I’ve been reading about the pandemic the whole time.
I don’t think the news of the pandemics first came to my attention until just before I had a few weeks to go.
I’m talking about the first week of September, 2018.
That’s when I was actually able to watch the first episode of the new Fox series,Carnel Knowledge.
It was a fairly ordinary day for me.
I was on a plane home from a day job at a company that has an office in the US, and as the plane touched down in Dublin, the flight attendant pulled me aside to ask what I was up to.
“Oh, I’m working,” I said.
“What kind of work?” she asked.
“Well, you see, the whole world is on the edge of the black market,” I told her.
“I’ve got a lot of information on the web.”
“I don’t see how this is news to you,” she told me.
“This isn’t the internet.
This isn’t something that is available on the internet.”
I had only been at this site for a few months.
It’s been a few years since I’d been to a website that offered a search function.
I didn’t understand what that meant until I saw the title of the site.
“Carnelledia,” the headline read.
It said: “Categories of knowledge.”
“Categorically, I do not believe this is an accurate representation of the internet,” I replied.
“No one is saying that,” the flight attendants said.
They were not wrong.
“We are the internet, and we do not have a monopoly on information,” I explained.
“But we do have a right to know.
And you know, I think that you need to be able to make decisions about the information that you are accessing, and I think you need the right to do that without having to rely on the government.”
“That’s the kind of argument I think I have, but I am not going to give up.”
I knew the flight crews weren’t talking about censorship, but rather about how the internet works.
The truth is, most of the information we get online isn’t censored.
What is censored, however, is the information about what’s being posted on social media and elsewhere that is being passed along.
This is why the FCC has called on social networks to be more transparent about the content of their posts.
It is also why some of the biggest names in media are now joining forces to push back against what they see as censorship.
In a new report called “The Bigger Picture,” Vox Media, Vox Media Communications and The Verge, are publishing an exhaustive list of companies that they allege are colluding to control the flow of information online.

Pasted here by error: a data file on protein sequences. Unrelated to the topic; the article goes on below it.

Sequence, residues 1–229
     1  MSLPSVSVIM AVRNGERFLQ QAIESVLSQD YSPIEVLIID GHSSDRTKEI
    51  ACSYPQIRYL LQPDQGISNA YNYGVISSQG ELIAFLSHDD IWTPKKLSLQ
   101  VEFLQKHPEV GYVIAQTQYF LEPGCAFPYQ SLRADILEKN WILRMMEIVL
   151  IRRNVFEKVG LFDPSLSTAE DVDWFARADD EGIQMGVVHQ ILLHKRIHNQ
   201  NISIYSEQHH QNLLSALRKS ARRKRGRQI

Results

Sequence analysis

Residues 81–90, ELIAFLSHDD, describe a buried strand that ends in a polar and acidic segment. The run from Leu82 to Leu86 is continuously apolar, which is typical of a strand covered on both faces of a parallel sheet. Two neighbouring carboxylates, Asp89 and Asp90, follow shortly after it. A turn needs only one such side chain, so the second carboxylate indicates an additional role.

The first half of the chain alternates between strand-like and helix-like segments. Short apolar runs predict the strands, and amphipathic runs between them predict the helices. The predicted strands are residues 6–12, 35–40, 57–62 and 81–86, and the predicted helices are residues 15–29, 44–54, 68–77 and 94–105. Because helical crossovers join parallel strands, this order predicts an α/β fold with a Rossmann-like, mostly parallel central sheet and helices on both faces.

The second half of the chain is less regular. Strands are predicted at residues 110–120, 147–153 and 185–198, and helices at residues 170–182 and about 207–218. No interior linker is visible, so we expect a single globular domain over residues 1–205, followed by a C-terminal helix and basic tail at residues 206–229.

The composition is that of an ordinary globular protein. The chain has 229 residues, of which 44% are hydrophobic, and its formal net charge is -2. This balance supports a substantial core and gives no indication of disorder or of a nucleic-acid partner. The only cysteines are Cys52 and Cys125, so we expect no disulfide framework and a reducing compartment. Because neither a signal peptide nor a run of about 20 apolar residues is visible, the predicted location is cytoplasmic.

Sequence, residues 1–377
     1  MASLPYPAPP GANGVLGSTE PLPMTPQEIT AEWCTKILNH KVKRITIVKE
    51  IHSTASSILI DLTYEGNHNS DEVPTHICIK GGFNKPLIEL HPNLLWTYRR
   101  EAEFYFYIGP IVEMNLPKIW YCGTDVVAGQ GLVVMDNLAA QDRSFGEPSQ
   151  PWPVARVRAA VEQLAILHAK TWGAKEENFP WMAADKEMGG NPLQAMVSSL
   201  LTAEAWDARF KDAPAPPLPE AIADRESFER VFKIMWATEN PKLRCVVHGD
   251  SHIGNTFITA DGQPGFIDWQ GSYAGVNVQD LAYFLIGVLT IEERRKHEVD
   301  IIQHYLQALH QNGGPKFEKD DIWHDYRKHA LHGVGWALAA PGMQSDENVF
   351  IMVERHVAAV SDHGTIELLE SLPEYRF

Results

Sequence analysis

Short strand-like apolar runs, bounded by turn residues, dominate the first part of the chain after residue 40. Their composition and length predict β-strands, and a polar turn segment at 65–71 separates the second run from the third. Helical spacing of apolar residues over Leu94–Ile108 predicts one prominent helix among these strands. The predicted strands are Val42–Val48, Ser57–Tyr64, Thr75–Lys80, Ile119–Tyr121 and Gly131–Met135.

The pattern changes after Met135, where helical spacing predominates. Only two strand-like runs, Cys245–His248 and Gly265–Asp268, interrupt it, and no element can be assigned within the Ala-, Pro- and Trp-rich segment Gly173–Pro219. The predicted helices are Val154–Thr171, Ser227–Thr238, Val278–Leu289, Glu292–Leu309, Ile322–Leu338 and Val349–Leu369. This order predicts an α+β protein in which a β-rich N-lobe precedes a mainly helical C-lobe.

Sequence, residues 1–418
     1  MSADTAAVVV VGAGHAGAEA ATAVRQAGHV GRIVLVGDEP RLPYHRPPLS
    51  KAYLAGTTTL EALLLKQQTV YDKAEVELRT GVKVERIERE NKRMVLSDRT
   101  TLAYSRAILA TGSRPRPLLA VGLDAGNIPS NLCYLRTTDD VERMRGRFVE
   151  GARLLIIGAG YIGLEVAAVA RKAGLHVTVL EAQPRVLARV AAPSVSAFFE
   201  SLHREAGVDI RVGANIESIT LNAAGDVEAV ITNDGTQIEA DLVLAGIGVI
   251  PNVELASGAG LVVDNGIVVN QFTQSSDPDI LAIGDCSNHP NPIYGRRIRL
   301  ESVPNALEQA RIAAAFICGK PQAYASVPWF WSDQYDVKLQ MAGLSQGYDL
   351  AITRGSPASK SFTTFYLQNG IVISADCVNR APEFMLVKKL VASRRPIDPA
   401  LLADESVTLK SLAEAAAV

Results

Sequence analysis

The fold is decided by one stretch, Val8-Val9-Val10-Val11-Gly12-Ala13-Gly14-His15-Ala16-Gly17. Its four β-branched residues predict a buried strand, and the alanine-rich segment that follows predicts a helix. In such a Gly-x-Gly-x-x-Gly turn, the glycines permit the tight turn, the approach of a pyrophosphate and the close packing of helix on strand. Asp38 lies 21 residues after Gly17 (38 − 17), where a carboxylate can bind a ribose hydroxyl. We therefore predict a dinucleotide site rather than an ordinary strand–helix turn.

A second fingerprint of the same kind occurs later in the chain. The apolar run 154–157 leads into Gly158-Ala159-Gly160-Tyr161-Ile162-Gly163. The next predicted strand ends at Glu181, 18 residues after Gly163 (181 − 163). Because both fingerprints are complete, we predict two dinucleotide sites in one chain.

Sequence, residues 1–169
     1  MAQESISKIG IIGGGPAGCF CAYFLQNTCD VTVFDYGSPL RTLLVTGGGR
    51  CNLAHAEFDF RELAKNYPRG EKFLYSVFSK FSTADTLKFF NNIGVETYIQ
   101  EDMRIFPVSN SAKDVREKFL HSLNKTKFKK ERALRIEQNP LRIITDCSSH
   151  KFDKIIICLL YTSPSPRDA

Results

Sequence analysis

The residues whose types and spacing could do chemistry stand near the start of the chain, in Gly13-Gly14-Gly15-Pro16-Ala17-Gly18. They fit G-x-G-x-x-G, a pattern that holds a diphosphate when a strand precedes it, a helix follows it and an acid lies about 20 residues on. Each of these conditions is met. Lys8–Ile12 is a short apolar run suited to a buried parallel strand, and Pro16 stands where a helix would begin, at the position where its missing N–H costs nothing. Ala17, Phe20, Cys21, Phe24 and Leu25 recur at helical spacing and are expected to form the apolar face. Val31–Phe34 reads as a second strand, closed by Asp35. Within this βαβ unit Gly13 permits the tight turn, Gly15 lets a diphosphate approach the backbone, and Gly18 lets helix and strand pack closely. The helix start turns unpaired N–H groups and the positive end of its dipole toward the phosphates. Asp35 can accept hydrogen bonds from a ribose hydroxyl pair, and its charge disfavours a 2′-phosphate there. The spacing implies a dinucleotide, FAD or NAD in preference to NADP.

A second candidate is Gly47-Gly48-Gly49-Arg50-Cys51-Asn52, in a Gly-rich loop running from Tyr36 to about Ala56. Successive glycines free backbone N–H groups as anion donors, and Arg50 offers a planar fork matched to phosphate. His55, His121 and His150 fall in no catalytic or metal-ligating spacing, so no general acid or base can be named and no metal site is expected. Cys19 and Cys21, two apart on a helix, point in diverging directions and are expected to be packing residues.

The report comes as more and more of us are getting our news from social media sites.
Vox Media’s report, for instance, notes that the company “is among the top ten most visited news aggregators, having a global reach of 1.5 billion users per month.”
In terms of the amount of content on the site, it says, “The top ten websites on the aggregator are: The Verge (1.2 billion users monthly); Buzzfeed (1 billion); CNN (1,000 million); CNN Money (743,000); BuzzFeed (4 million); Business Insider (5 million); Buzzflash (3 million); TechCrunch (2.3 million).”
That sounds pretty big.
And yet, the Verge found that only 14% of content posted on BuzzFeed’s site was pulled out of BuzzFeed’s platform.
The Verge report goes on to state: “For more than four years, BuzzFeed has been using bots to create fake accounts for fake accounts of journalists to impersonate, and to filter and remove content based on their personal information.
BuzzFeed’s data breaches are not limited to BuzzFeed employees; they’re part of the larger data breach at Facebook, Twitter, LinkedIn, Instagram, Tumblr, YouTube, Dropbox, and other sites.”
That’s a lot to process in one week.
The Vox report goes onto state that BuzzFeed “has been using fake accounts to impersonal journalists, and that fake accounts are being used to filter, remove, and flag content.”
In the wake of that report, Vox also wrote that BuzzFeed’s “owners and owners of News Feeds have publicly stated that they do not intend to continue the use of bots for content moderation.”
Vox’s report goes further to say that the report goes into detail about how BuzzFeed’s own data is being manipulated to “create fake accounts.”
“It is clear that BuzzFeed is being used as a conduit for the information it collects about people on the Internet,” the Vox report reads.
“BuzzFeed’s owners and owners who own and operate News Feed, and the publishers and advertisers who sell content from News Feed sites, know that this is happening.”
The report goes through a list of names and details about